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Human rights

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Human rights are the basic rights enjoyed by every human being regardless of nationality, social standing, race, gender, or religion. The idea of universal human rights is a product of Enlightenment political thinking[Fact?] and was central to the important political and social changes brought into being during the three revolutions which occurred in the Atlantic world in the later part of the eighteenth century: the American Revolution, the French Revolution and the Saint-Domingue Revolution.

On 10 December 1948, the United Nations General Assembly adopted the Universal Declaration of Human Rights.

In America

Human rights were said by Thomas Jefferson in the Declaration of Independence to be the inalienable gift of the Creator God, and include the rights to life, liberty, and the pursuit of happiness--which may have an allusion to philosopher John Locke, who is commonly cited as a promoter of the right to "life, liberty, and property" (although Locke apparently never used this precise phrase).[1] The Constitution went further to recognize the right to free speech, a free press, the free exercise of religion, the freedom to assemble peacefully, the right to equal treatment under the law, and the right to be secure from unreasonable search, among others.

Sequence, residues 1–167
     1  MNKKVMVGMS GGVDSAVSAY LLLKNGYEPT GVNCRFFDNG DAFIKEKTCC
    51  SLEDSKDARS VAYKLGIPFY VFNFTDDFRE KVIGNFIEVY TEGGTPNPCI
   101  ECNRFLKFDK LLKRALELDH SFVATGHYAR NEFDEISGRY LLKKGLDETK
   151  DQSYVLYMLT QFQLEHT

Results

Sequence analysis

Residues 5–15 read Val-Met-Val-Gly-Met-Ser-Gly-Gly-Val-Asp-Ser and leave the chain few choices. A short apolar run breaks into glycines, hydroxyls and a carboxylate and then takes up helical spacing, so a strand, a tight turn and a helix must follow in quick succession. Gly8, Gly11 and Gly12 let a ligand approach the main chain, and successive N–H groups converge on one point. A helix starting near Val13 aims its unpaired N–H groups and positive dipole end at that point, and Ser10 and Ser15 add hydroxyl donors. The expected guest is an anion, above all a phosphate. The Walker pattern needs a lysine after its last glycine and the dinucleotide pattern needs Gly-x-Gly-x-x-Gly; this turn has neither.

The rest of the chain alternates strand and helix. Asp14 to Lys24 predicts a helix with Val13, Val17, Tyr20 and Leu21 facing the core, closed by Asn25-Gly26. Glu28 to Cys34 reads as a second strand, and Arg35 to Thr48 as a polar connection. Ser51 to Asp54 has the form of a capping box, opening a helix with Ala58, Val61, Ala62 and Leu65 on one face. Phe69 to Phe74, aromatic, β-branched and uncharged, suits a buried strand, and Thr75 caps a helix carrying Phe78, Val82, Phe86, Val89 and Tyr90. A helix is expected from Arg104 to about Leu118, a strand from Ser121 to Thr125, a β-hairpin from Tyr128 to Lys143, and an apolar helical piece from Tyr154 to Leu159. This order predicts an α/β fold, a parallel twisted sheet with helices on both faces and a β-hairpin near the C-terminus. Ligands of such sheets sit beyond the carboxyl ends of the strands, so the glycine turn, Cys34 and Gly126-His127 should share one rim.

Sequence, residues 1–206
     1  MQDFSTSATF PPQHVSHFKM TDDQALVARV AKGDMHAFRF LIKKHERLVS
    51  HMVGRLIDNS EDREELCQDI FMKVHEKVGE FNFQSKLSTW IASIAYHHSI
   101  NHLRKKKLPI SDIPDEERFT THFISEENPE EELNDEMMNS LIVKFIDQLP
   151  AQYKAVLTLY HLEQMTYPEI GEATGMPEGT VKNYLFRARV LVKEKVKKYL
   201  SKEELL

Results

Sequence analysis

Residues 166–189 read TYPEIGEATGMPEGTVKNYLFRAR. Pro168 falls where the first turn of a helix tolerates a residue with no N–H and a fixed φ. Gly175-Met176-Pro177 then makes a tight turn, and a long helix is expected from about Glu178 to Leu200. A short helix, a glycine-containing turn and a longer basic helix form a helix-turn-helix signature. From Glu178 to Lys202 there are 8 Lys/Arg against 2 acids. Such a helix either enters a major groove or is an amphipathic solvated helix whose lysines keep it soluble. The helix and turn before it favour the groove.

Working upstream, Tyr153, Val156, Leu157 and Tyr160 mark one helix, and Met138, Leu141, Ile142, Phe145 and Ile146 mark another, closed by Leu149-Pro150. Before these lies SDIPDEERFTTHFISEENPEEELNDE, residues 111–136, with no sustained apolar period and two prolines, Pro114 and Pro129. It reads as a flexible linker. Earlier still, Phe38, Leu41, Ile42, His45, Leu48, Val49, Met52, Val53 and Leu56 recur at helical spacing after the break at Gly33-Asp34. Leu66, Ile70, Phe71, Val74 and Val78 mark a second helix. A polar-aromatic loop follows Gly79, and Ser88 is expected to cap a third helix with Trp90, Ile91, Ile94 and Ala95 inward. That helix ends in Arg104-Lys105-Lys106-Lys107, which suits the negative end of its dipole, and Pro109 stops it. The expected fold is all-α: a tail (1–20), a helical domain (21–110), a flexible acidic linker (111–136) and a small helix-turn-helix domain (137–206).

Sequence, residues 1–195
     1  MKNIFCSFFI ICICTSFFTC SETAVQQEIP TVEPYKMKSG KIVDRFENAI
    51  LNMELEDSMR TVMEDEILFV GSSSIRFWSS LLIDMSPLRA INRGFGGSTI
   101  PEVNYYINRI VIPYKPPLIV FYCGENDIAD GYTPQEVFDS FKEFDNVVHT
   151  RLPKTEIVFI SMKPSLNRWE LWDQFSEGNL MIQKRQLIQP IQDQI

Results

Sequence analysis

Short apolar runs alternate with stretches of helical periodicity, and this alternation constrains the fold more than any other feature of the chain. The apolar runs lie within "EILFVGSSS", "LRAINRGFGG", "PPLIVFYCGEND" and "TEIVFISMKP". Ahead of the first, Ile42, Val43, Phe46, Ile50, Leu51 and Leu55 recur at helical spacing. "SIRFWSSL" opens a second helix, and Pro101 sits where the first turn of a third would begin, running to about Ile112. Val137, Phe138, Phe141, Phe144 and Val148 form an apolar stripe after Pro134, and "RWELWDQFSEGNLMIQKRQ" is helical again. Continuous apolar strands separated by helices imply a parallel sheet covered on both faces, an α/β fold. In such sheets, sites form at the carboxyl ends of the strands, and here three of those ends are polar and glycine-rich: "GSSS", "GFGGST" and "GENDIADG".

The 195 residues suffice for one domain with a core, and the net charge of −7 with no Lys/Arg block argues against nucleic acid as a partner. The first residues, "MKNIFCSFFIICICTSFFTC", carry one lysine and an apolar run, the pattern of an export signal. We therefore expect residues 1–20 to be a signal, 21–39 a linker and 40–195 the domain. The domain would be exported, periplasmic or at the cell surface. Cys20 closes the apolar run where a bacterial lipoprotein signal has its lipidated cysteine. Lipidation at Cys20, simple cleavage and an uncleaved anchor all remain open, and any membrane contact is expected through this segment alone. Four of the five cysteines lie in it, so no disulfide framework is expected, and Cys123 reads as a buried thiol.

Human rights were not created by America; rather, America's birth was, at least in part, generated and shaped by the founding fathers' conception of human rights.

References

  1. Greene, Jack P. and Pole, J.R. 'A Companion to the American Revolution'. Blackwell Publishing Ltd., 2000.
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